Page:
The QUADRAlink rear suspension also comes courtesy of Detroit Speed. This four-link rear suspension set-up is designed without compromise to give full adjustability and smooth operation without binding. Once again, specially valved DSE/JRi coil overs are used to set ride height and provide quality damping. Early Mustangs were never exactly the last word in chassis rigidity, so the QUADRAlink upper floorpan crossmember assembly goes a long way toward significantly stiffening the rear of the Villain. This, combined with a long panhard rod, keeps the Strange nine-inch rear end firmly planted. Stopping duties are handled by huge Wilwood six-piston calipers that bite down on 14-inch rotors at all four corners.

The large, but decidedly vintage-feeling “Grudge” wheels come from the Grip Equipped line from Forgeline. The knockoff-style center caps are custom pieces from CR Supercars. The 18-inch wheels are shod in sticky BF Goodrich tires sized at 275/35/18 front and 335/30/18 rear. This fat rubber fills out the wheel wells and gives plenty of contact patch, allowing the driver to take full advantage of the Villain’s trick brakes and suspension.


One of the nicest things that can be said about the Villain Mustang’s interior is that, despite all its modern conveniences, it still feels like a classic Mustang. The Procar seats by SCAT are a perfect visual fit and outfitted with five-point racing harnesses to keep both driver and passenger fully anchored during any spirited drives. The cabin is regulated at a comfortable temperature by a highly effective heat/air conditioning system from Old Air that looks like Ford could have installed it themselves. CR Supercars recognized that Villain owners may want to listen to music other than that made by the 5.0L lump under the hood and so the solution is a JVC CD player with removable face and bluetooth-compatible head unit triggering a stealthy, but powerful Kicker audio system.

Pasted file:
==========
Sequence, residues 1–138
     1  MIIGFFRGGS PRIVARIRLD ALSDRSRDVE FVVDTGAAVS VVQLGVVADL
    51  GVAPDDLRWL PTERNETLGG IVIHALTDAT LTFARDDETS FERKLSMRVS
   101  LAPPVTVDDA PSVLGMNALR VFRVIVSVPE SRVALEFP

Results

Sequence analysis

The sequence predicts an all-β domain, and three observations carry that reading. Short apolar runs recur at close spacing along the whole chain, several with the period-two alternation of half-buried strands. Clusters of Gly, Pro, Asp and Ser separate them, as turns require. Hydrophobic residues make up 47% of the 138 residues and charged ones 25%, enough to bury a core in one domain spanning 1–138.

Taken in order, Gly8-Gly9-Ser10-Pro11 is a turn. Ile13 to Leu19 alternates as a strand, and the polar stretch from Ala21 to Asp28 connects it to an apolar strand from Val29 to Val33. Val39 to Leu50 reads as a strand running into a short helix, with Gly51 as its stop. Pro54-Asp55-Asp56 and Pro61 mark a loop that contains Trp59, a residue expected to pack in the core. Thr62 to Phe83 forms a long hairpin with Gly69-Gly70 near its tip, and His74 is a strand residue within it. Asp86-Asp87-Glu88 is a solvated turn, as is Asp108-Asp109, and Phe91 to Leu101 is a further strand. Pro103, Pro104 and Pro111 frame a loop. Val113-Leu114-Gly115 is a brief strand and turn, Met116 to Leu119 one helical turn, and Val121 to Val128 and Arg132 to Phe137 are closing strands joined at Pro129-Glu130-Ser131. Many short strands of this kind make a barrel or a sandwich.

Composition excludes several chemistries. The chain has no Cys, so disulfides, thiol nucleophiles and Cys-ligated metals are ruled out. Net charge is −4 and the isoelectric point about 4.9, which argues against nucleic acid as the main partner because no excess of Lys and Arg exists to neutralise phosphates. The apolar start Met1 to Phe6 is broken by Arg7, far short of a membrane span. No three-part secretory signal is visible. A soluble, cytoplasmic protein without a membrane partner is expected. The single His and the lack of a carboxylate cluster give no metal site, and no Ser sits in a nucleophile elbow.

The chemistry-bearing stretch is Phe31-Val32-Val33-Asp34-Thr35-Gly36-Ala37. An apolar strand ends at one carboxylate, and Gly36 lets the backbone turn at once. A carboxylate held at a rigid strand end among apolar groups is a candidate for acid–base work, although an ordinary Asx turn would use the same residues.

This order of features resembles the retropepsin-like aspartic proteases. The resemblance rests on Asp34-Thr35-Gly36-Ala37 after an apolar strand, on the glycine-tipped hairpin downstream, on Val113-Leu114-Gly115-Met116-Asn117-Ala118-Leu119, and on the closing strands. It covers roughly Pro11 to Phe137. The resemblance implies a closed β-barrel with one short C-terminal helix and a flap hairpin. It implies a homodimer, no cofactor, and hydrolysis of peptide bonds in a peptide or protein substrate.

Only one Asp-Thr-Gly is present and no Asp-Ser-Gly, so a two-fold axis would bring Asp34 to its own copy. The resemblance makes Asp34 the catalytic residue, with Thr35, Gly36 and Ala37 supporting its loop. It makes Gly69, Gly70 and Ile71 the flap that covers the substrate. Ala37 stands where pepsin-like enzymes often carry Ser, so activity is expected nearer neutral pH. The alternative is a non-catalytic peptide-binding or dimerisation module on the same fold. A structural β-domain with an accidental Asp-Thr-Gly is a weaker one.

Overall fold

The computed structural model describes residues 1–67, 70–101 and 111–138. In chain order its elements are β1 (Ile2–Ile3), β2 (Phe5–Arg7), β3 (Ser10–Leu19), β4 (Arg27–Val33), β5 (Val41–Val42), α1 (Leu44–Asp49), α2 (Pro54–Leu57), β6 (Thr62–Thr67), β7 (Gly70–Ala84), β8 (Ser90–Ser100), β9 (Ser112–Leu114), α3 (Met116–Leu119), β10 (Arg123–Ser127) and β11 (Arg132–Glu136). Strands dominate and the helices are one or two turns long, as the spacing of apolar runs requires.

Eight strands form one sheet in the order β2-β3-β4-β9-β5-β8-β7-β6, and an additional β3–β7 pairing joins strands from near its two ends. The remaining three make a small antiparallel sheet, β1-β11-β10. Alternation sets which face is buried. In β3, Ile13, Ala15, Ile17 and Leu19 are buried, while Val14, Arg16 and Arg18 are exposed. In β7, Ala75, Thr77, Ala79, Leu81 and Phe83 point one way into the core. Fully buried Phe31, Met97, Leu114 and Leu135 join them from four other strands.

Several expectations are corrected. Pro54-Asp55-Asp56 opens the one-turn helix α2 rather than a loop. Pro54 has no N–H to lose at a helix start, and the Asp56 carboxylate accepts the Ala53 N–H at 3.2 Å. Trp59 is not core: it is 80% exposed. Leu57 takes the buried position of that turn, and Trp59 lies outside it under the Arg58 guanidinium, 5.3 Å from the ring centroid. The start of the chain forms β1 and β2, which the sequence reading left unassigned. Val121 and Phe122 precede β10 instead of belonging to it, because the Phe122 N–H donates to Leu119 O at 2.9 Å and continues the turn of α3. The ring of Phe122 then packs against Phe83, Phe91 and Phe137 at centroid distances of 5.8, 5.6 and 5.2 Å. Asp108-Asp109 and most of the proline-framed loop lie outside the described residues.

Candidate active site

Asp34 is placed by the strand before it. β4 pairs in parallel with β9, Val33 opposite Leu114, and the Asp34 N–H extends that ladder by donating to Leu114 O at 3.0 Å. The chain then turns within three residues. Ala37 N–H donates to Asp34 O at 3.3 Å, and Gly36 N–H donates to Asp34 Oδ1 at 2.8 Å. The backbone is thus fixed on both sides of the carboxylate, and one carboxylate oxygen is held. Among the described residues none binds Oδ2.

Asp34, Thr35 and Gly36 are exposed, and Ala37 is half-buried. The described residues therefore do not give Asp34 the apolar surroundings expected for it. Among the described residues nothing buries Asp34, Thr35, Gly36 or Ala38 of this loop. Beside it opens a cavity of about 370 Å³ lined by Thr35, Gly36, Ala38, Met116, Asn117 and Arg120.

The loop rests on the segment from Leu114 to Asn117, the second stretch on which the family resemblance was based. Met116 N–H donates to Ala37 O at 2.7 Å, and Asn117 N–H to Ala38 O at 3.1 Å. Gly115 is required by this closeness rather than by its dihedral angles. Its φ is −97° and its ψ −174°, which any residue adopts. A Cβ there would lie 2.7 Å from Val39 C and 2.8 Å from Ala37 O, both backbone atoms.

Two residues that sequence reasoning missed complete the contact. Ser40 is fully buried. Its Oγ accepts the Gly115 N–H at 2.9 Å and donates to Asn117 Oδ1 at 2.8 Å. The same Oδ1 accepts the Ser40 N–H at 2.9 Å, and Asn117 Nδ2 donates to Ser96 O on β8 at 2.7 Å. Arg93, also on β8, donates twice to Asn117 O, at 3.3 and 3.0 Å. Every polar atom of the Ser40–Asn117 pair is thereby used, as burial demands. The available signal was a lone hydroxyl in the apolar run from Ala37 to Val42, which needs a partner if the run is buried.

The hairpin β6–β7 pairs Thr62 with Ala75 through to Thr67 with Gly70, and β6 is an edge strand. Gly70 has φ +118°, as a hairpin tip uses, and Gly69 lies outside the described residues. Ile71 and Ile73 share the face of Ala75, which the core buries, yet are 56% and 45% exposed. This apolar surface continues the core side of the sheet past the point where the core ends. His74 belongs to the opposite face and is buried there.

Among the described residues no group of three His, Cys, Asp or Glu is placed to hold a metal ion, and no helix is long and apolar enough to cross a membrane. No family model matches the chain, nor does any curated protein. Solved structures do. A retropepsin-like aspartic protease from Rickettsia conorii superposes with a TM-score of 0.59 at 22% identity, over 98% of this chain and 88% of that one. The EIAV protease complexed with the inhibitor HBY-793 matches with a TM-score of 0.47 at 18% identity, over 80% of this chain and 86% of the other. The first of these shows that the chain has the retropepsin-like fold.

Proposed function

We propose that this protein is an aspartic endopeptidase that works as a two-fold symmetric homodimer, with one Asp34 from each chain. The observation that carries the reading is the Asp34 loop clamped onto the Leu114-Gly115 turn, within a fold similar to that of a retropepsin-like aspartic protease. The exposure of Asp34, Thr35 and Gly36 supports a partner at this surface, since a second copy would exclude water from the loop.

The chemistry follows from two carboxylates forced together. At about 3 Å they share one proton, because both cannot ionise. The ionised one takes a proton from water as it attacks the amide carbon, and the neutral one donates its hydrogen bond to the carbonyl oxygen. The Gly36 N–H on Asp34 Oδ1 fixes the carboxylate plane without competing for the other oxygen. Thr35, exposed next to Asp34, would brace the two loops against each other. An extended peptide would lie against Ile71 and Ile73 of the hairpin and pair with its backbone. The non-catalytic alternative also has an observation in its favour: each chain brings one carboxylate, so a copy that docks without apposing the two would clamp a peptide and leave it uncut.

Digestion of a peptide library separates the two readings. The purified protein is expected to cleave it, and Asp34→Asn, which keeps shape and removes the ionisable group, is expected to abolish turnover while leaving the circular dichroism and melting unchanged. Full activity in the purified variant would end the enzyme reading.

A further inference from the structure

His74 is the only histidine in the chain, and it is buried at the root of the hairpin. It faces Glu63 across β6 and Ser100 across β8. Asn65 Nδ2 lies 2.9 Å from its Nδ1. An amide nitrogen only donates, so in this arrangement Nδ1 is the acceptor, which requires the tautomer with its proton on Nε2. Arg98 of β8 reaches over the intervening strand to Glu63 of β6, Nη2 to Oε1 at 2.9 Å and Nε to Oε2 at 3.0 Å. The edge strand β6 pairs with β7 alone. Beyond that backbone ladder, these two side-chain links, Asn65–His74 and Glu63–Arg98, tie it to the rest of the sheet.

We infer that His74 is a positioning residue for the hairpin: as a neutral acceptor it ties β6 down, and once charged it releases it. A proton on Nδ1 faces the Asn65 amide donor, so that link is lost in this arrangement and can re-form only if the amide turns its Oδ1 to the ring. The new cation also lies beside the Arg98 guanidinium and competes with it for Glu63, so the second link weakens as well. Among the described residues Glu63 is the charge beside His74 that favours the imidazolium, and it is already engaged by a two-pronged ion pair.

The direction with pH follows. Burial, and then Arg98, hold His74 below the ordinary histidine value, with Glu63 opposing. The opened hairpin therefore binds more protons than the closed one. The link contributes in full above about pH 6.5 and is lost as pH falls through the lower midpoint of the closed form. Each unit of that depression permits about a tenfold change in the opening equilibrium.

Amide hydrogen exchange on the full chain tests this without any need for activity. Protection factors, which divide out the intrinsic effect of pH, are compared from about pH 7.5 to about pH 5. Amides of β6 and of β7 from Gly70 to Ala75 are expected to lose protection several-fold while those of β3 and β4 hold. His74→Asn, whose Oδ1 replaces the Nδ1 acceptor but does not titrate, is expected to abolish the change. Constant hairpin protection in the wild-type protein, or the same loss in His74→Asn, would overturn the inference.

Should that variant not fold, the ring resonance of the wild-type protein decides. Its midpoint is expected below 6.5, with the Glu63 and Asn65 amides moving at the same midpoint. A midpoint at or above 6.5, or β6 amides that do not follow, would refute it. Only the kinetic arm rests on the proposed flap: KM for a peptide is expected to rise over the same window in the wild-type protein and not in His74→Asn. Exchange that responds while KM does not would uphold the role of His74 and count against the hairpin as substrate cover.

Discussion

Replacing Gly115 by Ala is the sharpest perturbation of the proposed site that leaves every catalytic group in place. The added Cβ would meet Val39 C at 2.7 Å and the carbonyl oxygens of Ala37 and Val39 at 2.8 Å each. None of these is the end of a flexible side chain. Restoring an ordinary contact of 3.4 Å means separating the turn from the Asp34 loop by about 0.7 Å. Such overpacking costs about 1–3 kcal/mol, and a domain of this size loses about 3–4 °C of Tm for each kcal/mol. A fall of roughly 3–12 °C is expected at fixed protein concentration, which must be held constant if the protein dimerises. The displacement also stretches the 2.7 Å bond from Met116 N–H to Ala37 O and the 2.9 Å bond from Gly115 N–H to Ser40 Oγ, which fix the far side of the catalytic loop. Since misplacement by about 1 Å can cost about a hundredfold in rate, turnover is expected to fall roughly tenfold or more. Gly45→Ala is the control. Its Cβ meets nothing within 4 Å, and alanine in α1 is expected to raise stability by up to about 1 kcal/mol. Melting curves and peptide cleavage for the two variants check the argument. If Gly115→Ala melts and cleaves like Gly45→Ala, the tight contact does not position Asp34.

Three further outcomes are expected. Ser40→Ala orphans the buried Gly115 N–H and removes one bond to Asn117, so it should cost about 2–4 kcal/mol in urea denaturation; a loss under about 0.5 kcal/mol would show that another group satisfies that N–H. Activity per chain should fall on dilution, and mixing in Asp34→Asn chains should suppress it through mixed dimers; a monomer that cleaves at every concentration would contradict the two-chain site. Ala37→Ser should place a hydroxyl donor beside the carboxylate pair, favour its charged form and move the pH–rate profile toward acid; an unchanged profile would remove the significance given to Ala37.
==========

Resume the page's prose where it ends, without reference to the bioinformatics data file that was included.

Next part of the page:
Jason Engel and his crew at CR Supercars have spent 2,500 man-hours creating something familiar, yet special in the Villain Mustang. They took an automotive icon — a 1968 Mustang fastback — and made it in to a daily-drivable coupe that can run circles around the best offerings from Europe and Japan. Closing the gap in performance from 1968 to 2015 takes a great deal of skill and vision, both of which Jason seems to have in spades.

For more information on CR Supercars, visit

Villain 1968 Mustang Fastback Specs

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Investment starting at $154,900
Color Availability:
Bad Guy Orange/Matte Black, Black/Bad Guy Orange, Blue/Silver, Red/Matte Black
**Custom colors available upon request
Ford Racing Coyote 32 Valve (475hp)
Tremec six speed manual transmission
9” Strange engineering rear w/ 3.89 gear ratio and Posi Traction installed
Rous Yates Pulley System
DSE Rack and pinion steering (power)
Flaming River tilt column (polished)
Procar Evolution seats (pro touring)
Five point Camlock seatbelts
Villain custom gages
200mph Speedometer
Sparco leather steering wheel
Old Air Products A/C system
Deluxe 1967 Door Panels (finished in matte black)
1967 ABS Dash and Trim
Custom Villain console with clock and voltmeter
Color matched floormats
Stereo system:
JVC CD Player with removable face and Bluetooth
Kicker component speakers
Wheels and Tires:
Grip equipped wheels by Forgeline 18×9.5 front
Grip equipped wheels by Forgeline 18×12 rear
BF Goodrich tires 275/35/18 front
BF Goodrich tires 335/30/18 rear
CR Supercars Villain Exterior Fiberglass Enhancements
CR Supercars Taillights
CR Supercars billet gas cap
Electric fuel pump
Stealth 18 gallon fuel cell
Front: Wilwood 6 Piston brakes and 14” rotors
Rear: Wilwood 6 Piston brakes and 14” rotors
Slotted, crossdrilled and zinc washed
Adjustable rear proportioning valve
Trunk Mounted Battery (Optima)
DSE long tube stainless headers
Dual 2.5” mandrel bent exhaust
Magnaflow Stainless Steel Mufflers
Becool Aluminum Crossflow Radiator
2-13″ Electric Cooling Fans
DES sub frame connectors
Six point rollbar
DSE alumaframe coilover front suspension
DSE quadralink coilover rear suspension
Oversized sway bars front and rear
Available options:
Leather $1,000
Flip out screen with DVD $1,000
Right hand drive $12,500
GPS tracking device $499
**Custom options available upon request